IDAHO FALLS — Chris Tatsumi added an extra split shot weight on his fishing line, adjusted the nightcrawler on the hook and cast it back into the swirling water just below the falls in downtown Idaho Falls.

He was only steps away from the Broadway Bridge.

For people who have lived here for decades, the falls and its rocks are fun friends you can count on who never seem to change much. For newcomers, like Tatsumi, passing through on vacation and seeing the river and its passage for the first time, it was meeting a vibrant new personality.

“I was here two nights ago and people were pulling out a lot of fish, one after another, but that was in the evening,” Tatsumi said. He was there about lunchtime on Tuesday and the action was dead.

Fishing happens here every day surrounded by busy traffic noise, parents pushing strollers along the greenbelt path, puffing joggers and quiet bench sitters staring at the water.

Downtown fishing brings with it hopes of catching big trout or even bigger sturgeon.

Billy Rooster Frävel of Idaho Falls makes a habit of fishing downtown during the week and out of town on weekends.

“During the week I fish here in town two or three times a week,” Frävel said. “I’m at 465 fish in the net so far this year. I keep a count and just write a number on the calendar. I went Sunday, and I got 17 which landed me at 465.”

A glass-half-full sort of guy, Frävel said a recent house fire landed his family in a downtown hotel for a couple of weeks until more permanent arraignments could be made. His new address put him next door to the river.

“I’ve been catching huge fish right in front of the Candlewood Suites right here in town right off the Pancheri Bridge,” he said. “I’ve never fished there, and it turns out there is quite a bit of fish there.”

Frävel’s most recent prize was a 7-pound brown trout caught next to the bridge.

“There’s some honkers in there,” said James Brower, regional communications manager for Idaho Department of Fish and Game about the downtown fishery. “It really is kind of neat to have that so close to town. It can definitely stand more pressure than it gets.”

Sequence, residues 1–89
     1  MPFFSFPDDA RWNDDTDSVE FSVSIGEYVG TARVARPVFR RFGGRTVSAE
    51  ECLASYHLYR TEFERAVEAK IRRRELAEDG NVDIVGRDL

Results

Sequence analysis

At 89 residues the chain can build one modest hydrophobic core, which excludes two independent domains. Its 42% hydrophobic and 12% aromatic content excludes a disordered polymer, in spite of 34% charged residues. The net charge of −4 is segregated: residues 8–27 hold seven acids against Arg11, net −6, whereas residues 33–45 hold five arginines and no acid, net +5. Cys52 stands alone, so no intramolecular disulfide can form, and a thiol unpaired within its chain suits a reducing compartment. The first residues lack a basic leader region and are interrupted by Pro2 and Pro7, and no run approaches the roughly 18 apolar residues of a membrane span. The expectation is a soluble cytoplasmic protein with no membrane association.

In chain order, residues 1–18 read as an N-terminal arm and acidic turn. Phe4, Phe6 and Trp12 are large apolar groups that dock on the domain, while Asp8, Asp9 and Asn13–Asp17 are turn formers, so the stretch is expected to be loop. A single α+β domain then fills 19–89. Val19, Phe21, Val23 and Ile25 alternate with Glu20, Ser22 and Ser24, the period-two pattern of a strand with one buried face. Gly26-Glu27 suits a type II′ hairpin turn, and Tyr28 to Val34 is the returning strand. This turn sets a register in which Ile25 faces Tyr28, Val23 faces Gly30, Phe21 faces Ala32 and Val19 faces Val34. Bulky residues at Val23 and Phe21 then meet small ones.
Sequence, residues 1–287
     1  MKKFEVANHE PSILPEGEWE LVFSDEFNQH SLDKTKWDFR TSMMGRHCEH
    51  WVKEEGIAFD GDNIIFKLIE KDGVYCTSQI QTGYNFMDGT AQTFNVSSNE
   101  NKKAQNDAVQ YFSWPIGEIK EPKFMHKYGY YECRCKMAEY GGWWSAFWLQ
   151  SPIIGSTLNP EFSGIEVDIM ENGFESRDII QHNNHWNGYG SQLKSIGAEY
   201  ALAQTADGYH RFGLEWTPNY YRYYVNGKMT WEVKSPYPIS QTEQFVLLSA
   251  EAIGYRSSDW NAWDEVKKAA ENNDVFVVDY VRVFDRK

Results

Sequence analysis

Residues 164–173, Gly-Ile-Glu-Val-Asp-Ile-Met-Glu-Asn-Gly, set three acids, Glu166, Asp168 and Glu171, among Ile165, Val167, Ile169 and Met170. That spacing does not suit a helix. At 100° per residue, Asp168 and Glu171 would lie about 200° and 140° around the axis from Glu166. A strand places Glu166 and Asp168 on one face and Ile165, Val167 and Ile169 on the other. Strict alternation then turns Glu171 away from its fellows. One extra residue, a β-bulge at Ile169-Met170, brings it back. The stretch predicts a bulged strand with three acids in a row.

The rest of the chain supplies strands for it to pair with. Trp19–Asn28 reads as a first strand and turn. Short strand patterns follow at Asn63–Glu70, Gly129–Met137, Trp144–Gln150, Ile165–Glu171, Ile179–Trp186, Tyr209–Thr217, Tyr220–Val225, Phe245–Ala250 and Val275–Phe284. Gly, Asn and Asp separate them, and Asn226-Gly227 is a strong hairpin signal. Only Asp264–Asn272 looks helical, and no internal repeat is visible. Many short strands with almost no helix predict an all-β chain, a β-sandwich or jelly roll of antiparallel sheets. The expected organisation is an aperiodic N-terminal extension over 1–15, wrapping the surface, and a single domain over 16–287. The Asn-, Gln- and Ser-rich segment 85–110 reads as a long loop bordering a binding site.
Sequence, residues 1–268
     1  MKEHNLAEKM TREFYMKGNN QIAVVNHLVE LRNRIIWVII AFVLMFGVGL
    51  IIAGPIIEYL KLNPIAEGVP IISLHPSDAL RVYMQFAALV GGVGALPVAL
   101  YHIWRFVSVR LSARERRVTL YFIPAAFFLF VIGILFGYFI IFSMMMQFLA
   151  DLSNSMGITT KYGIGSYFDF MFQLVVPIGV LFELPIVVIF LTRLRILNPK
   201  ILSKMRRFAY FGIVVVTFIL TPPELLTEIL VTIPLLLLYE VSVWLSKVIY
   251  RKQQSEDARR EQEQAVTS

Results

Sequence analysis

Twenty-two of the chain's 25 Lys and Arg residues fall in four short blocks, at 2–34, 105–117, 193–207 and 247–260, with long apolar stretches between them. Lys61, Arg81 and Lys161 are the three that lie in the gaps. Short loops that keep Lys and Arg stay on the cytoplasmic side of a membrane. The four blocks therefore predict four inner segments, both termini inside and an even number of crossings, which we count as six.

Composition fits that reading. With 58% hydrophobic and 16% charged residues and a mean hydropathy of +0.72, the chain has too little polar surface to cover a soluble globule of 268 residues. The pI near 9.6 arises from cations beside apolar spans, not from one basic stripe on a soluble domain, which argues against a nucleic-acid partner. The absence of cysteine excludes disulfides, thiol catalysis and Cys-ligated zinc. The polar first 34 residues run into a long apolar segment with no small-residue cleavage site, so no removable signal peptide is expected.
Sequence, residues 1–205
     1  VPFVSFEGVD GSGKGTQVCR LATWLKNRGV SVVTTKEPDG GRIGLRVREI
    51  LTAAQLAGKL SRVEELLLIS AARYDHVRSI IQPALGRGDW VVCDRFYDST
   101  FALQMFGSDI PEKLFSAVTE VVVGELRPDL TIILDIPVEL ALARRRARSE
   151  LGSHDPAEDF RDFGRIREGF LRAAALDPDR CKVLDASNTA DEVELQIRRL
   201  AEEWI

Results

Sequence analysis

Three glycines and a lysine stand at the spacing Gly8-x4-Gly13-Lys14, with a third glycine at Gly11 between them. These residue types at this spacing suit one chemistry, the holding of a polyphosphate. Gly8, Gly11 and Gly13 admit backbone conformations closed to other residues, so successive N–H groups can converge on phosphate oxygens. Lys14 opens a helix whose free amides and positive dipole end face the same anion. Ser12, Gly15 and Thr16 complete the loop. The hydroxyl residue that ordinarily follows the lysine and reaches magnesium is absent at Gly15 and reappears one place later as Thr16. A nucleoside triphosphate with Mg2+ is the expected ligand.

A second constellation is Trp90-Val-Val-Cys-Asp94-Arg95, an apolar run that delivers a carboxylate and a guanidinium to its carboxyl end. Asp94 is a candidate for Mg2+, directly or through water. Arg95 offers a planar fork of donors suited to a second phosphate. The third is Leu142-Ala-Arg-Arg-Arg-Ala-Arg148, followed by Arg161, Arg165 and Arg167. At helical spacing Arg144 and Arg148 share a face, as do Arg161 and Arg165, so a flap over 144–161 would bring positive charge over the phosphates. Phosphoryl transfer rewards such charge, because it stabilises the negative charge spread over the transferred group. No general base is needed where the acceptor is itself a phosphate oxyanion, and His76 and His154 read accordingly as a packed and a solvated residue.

Brower said, although the fish are in there, they’re not always easy to catch.

“It’s not quite as easy to fish a river as it is to fish a pond,” he said. “The big trick for fishing on the river for me is finding those seams, where the water transitions. That’s where fish are feeding. Eddies and places where the water pools are spots where the fish go to find rest. They’ll be holding in there.”

Brower said expect to find browns, cutthroats, rainbows and sturgeon in the downtown river.

“I’m no expert by any means,” said Kara Johnson, a pre-nursing student and a mother of three in Idaho Falls. “I would say the dam by the dog park and (the river) near Monroc (a concrete contractor) are my favorite spots.”

Johnson said she likes the convenience of downtown fishing. It’s close and wheelchair accessible for her young son who has cerebral palsy.

“It makes me feel good being outside, hearing the water, feeling the weather,” she said. “It’s adrenaline pumping knowing that your next bite could be a trophy fish. ... I can take my family and we can have one person fly fishing, another bait fishing with and without bobbers, and I can do my personal favorite: lure fishing, all for the price of gas to get there and a couple bucks for worms.”

Some of the monster-sized fish in the downtown section of the Snake River are sturgeon. Since 2007, Fish and Game has been planting a couple of hundred 2- to 4-foot juvenile sturgeon each year at different points from Gem Lake on the south to the dog park on the north. Over the years, some of the sturgeon have put on some size. Frävel posted a photo of himself catching a big boy on Facebook.

“That (sturgeon) was just short of 5 feet long, it was 56 or 57 inches,” Frävel said talking about the photo. “And that was right along the greenbelt here in town.”

Frävel said fishing for him is therapeutic.

“It’s kind of a recovery thing for me,” he said. “I’ve been clean and sober for over 10 years now, and it’s a productive way for me to spend my time.

“Fishing is an incredible thing. Things you learn fishing, you can use throughout your life. Patience and diligence and pride in your work, stuff like that.”

Of course some people just like the beauty of the Snake River running through town.

“This is a beautiful place,” said Tatsumi, who was visiting from Phoenix, and catching nothing. “I can see why people want to live here.”

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